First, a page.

“And when he was accused of the chief priests and elders, he answered nothing.
“Then said Pilate unto him, Hearest thou not how many things they witness against thee?
“And he answered him to never a word; insomuch that the governor marvelled greatly” (Matt. 27:11–14).
There are many opportunities to acquire mature behavior in the organizations in the Church. The other day a charming teenager paid a deserving tribute to her Young Women’s teacher. She said, “From her example and good lessons, we learned the importance of good grooming. We learned that though each of us is different, each is equally important. She taught us to solve our differences by discussion, not by shouting.”
The success of the Scouting program is that it teaches boys to stay on the trail. Boulders and hills don’t stop the hike to the top of the mountain. Top awards are not given unless the difficult merit badges are earned as well as the easier ones. The boys’ tenacity to continue on the Scouting path, not the honors awarded, is the maturing element of the program.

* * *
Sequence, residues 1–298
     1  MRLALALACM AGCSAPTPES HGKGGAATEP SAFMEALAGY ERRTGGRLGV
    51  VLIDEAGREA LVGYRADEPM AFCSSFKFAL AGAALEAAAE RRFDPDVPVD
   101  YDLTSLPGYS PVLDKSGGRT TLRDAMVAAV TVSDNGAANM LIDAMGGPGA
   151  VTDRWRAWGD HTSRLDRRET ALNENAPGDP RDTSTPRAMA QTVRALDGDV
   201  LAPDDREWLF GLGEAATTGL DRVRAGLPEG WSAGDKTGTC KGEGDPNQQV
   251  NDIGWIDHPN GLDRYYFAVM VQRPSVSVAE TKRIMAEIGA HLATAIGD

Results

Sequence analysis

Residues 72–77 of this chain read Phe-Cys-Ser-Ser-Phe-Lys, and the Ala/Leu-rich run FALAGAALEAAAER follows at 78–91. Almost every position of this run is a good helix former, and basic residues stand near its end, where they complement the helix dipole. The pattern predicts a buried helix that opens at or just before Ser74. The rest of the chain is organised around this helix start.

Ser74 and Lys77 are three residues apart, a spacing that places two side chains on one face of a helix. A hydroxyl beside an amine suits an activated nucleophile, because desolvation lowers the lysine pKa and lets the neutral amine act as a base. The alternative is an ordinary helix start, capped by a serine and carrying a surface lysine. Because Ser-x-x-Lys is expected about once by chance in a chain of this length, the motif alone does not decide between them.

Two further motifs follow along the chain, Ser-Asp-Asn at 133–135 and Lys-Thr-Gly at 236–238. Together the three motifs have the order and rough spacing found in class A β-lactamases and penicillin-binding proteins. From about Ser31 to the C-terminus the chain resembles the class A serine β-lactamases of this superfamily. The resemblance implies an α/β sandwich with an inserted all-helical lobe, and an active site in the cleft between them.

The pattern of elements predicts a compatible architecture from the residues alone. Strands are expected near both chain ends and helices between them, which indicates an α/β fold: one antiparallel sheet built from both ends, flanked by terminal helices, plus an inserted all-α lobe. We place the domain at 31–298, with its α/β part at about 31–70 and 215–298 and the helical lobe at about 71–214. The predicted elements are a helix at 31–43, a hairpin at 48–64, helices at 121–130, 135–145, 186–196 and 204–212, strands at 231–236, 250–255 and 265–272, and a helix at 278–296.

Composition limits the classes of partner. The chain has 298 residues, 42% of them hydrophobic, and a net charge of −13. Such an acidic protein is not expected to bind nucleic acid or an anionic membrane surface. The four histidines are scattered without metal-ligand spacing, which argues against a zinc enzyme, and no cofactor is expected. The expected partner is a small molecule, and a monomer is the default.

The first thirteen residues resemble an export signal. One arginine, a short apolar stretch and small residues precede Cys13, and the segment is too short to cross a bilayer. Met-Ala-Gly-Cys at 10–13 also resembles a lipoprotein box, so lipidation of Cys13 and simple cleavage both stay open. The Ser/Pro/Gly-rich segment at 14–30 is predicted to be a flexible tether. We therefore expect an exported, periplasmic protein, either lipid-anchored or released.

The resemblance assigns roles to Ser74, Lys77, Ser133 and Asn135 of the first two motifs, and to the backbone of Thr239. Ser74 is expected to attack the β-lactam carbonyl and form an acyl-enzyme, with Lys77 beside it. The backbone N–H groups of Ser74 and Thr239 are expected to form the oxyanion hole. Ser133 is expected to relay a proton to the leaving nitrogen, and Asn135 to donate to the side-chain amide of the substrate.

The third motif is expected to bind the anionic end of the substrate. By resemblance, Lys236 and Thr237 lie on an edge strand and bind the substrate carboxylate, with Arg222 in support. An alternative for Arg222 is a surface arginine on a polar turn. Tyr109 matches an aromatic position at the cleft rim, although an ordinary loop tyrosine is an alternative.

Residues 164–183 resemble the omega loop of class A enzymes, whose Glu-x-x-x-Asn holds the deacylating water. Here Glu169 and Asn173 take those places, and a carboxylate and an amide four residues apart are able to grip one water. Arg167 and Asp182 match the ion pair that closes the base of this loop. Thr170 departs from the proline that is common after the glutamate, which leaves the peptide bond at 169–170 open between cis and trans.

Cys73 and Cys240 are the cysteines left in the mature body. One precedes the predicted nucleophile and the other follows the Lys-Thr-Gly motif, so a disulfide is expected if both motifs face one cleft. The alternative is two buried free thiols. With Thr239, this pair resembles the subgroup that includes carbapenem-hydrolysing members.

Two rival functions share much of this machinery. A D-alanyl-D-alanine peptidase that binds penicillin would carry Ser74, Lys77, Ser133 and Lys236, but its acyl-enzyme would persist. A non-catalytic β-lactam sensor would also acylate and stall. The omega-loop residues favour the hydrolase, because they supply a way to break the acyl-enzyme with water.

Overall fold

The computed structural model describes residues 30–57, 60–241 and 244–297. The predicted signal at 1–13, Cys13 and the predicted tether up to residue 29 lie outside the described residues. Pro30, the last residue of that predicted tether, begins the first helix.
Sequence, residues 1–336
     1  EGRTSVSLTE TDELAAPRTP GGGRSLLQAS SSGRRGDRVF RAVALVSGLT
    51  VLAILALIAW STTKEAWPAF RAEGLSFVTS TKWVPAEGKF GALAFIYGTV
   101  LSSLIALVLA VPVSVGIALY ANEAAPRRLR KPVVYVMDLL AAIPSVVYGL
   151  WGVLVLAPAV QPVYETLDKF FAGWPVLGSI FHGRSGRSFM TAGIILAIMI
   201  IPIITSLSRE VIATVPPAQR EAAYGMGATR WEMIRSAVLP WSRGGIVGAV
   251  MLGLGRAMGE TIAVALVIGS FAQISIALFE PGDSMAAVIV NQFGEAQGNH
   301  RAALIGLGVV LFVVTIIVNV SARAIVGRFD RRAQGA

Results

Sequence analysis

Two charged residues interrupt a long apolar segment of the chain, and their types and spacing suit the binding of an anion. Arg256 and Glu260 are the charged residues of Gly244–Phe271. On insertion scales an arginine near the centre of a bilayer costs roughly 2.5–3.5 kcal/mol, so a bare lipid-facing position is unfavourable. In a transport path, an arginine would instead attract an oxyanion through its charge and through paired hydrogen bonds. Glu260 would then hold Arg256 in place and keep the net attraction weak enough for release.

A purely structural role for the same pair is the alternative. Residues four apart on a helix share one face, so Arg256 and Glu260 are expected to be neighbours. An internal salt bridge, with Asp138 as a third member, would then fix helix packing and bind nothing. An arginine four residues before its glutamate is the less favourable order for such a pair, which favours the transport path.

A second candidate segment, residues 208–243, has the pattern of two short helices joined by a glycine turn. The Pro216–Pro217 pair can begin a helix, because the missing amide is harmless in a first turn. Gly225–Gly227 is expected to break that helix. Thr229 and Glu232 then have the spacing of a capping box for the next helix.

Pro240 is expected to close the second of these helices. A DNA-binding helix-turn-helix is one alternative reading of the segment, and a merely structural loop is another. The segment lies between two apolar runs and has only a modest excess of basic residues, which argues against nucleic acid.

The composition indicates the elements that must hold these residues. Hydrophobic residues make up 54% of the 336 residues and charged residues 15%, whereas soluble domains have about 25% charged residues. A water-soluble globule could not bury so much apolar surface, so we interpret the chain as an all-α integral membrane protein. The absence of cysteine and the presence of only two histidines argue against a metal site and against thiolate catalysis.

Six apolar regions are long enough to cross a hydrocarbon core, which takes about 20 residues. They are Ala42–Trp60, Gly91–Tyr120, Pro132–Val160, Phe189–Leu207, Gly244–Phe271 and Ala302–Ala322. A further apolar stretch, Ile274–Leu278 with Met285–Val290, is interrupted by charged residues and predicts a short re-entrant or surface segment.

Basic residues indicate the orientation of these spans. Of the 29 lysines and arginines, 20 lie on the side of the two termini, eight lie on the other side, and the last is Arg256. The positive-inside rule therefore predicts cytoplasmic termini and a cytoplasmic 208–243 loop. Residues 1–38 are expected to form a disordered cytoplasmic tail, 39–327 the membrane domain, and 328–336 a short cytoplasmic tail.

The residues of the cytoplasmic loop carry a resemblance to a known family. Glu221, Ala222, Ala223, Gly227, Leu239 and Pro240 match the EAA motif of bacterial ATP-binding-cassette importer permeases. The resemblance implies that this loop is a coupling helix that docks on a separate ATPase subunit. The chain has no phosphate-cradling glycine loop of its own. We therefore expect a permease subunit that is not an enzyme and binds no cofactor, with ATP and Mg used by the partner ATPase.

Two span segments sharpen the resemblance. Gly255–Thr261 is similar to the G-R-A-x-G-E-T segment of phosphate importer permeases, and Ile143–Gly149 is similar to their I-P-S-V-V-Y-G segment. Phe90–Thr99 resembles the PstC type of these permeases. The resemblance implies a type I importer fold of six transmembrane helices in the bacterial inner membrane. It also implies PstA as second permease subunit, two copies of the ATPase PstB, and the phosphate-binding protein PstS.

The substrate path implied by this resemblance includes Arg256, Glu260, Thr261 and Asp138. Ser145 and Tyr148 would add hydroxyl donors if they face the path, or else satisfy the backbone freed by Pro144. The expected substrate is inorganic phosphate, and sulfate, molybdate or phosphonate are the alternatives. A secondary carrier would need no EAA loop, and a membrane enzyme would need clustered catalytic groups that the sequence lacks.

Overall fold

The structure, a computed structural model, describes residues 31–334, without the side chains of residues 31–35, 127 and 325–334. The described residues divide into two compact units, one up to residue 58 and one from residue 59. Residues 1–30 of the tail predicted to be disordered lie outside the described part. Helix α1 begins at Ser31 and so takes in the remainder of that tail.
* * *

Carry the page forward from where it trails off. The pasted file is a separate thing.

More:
“A certain man had two sons:
“And the younger … said to his father, Father, give me the portion of goods that falleth to me [I am an adult now]. And he divided unto them his living” (Luke 15:11–12).
The prodigal son parable is well known to all of us. He left and wasted his substance with riotous living. “When he came to himself, he said, …
“I will arise and go to my father, and will say unto him, Father, I have sinned against heaven, and before thee,
“And am no more worthy to be called thy son: [but I am more of an adult now] …
“And he arose, and came to his father. … His father saw him, and had compassion, and ran, and fell on his neck, and kissed him” (Luke 15:17–20).
I believe it appropriate to say the father, too, had become more mature during the separation. Think, too, of the maturing and the becoming of more of an adult on the part of the elder son when he witnessed and participated in the Christ-like example of his father (see Luke 15:25–32).